Chikankari Embroidery: Stitching the Heritage of Lucknow

Chikankari, one of the most beloved embroidery techniques, bestows garments with a delicate and opulent charm. This traditional fabric embellishment has garnered global recognition, with Lucknow, the capital of Uttar Pradesh, emerging as a renowned hub for its distinctive Chikankari embroidery. What sets traditional Lucknowi Chikankari apart is its incorporation of intricate floral motifs and creeping designs into the fabric. The craft thrives in the rural villages surrounding Lucknow, where more than 5000 families are engaged in this exquisite embroidery tradition. In a testament to its significance, Chikankari received Geographical Indication (GI) status in Lucknow in December 2008, solidifying its reputation as the sole epicenter of this craft. Chikankari stands as a truly unique form of hand embroidery, distinguished by its unparalleled intricacy, rendering it virtually impossible to replicate and surpassing the distinctive charm of many other embroidery and stitching techniques combined.

History and Origin of Chikan 

Like every historical tale, Chikankari embroidery has a number of underlying presumptions and documented facts that reveal its history. As early as the third century BC, references to Indian Chikan work have been discovered. According to the Greek historian and ethnographer Megasthenes, Indians wore floral muslins. There are numerous myths surrounding the Chikankari embroidery technique's origins in India. A traveler who was passing through a village close to Lucknow allegedly stopped and asked a struggling farmer for water. Delighted by the peasant's generosity, the traveler taught him the art of Chikankari, ensuring that he would never go hungry in his life. Another tale relating to the development of Chikankari takes place at the Mughal court of Jahangir, where the talented and beautiful queen Nur Jahan was a devotee of Chikan embroidery. Her dreamy white needlework won the king's favor, and she soon attained fame and imperial patronage.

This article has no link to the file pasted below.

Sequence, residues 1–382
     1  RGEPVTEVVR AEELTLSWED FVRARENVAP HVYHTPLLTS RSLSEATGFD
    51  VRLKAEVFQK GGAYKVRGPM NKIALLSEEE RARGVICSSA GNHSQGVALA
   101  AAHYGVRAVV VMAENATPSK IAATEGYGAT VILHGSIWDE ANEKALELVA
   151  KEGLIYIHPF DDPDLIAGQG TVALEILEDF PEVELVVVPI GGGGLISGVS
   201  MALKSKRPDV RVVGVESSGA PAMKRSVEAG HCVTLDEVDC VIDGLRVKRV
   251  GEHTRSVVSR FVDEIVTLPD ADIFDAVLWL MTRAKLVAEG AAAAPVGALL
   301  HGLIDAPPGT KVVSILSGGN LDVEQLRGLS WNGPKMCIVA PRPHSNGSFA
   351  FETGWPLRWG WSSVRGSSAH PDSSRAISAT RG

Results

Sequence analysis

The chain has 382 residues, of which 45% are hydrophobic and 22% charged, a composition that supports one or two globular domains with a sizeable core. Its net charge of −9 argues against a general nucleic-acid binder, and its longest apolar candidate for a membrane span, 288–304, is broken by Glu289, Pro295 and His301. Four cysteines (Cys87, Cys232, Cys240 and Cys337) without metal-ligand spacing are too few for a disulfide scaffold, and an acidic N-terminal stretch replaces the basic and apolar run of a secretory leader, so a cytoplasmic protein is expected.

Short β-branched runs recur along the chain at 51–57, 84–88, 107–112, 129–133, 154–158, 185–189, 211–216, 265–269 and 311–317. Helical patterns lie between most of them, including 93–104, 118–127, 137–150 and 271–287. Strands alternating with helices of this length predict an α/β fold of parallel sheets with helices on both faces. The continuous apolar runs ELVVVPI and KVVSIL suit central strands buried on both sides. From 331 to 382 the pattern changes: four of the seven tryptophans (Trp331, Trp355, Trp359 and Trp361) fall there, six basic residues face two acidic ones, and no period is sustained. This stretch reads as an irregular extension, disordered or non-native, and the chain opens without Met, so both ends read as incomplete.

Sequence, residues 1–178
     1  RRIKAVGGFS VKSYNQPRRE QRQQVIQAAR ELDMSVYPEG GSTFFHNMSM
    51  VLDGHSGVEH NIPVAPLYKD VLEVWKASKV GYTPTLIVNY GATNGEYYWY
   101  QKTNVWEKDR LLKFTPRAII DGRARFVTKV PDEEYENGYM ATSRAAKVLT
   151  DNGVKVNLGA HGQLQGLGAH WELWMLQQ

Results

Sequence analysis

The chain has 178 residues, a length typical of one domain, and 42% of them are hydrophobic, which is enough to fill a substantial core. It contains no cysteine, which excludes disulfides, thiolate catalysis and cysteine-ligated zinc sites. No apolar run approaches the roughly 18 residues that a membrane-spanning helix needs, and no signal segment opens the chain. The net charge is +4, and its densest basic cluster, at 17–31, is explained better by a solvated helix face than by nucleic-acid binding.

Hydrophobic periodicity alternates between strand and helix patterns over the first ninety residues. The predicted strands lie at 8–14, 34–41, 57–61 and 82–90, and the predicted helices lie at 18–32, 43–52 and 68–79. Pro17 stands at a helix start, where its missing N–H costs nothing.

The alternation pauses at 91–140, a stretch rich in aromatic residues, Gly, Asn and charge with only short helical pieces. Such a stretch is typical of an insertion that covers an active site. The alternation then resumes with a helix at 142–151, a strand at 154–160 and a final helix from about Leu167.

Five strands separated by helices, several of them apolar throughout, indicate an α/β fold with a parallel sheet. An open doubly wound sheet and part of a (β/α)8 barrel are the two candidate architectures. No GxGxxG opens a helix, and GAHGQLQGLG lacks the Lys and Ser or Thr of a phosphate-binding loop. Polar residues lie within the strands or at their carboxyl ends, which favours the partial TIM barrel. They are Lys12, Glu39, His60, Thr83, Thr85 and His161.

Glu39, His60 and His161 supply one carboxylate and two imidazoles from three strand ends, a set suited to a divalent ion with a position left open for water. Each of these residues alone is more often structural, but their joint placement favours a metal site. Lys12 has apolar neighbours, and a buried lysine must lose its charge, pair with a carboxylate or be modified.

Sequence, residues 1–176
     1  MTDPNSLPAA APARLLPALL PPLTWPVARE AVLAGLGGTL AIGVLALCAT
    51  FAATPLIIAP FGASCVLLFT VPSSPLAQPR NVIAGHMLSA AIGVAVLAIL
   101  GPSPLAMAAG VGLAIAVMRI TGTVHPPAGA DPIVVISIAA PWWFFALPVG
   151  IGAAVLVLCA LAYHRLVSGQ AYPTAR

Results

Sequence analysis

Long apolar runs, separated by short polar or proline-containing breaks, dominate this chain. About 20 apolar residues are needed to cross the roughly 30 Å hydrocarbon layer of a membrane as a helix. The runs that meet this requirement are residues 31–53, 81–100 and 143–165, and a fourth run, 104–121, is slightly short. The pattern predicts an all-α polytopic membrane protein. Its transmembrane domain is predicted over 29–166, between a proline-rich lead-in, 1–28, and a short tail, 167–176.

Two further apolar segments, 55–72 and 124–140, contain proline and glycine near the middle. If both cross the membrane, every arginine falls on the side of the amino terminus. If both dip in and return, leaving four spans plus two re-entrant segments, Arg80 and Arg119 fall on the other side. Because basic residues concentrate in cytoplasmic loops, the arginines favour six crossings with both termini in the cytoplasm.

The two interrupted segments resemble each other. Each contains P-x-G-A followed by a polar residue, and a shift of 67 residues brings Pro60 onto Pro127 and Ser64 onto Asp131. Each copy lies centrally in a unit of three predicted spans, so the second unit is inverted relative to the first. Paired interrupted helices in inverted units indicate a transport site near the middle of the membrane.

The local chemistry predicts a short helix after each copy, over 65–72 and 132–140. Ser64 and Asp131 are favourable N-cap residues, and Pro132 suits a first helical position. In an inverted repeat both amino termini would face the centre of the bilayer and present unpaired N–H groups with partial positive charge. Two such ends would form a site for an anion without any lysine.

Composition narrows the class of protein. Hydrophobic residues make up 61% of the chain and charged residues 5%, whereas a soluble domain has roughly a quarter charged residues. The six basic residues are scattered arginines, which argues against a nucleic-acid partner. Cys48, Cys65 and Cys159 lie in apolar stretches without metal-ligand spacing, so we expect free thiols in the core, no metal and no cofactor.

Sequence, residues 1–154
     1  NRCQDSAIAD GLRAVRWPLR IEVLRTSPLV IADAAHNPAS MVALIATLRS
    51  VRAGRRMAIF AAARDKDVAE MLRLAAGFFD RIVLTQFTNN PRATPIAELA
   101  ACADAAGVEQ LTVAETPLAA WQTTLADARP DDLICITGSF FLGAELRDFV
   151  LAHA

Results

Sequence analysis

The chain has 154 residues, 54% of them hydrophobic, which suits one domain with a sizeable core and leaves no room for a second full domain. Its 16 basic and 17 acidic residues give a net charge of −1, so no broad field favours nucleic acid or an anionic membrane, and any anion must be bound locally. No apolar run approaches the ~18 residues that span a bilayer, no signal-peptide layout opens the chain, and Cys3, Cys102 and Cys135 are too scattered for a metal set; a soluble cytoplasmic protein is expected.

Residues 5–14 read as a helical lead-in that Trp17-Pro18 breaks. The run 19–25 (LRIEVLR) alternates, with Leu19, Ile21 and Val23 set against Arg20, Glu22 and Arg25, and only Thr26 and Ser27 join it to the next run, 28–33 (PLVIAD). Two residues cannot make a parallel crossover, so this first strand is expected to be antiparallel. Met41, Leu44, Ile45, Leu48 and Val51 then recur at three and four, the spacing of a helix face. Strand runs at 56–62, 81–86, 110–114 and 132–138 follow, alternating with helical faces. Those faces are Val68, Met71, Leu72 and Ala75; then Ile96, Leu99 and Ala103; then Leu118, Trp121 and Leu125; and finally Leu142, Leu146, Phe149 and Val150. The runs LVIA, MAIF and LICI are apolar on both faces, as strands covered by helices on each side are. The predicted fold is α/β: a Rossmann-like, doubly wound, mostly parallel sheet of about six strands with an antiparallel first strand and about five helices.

History of Chikankari


Process of Chikankari 

Chikankari is a technique that involves hand-stitching on various textile fibers in a delicate and artistic manner. Simple tools are used in highly detailed work to embellish beautiful motifs on plain or light-colored fabrics. 

  1. The tailor cuts the fabric into the desired shape in the first stage, which is known as fabric cutting and styling. Following cutting, the tailor sews the item using a running stitch. 
  2. Several patterns of wood planks are constructed, such as floral, butis, or borders, depending on the design of the garment. The substance is submerged in a dye solution made of glue and indigo. This procedure is also known as "Chhapayi." 
  3. On semi-stitched fabric, the images are embossed using pattern blocks that have been dyed. These blocks are stamped onto the fabric that will be embroidered after being dipped in dyes or Neel. 
  4. The needlework begins at this point. As the embroidery work is more intricate and time-consuming than other steps, the cloth is fixed into frames. Depending on the fabric and design, the artisans stitch the design using various techniques. Women typically perform this task. 
  5. The process of washing the cloth is the final step. To get rid of any remaining traces of ink, the fabric is thoroughly washed after being soaked in water for a while. The fabric is additionally starched before the item is sold to ensure that it appears as stiff as it should. As it requires bleaching, acid treatment, stiffening, and ironing, this process could take 10 to 12 days.


History of Chikankari


Types of Stitches 

Chikankari embroidery work can be divided into three main categories: flat stitches, embossed stitches, and jaali stitches. 


1. The fine stitches that stick close to the fabric are known as flat stitches.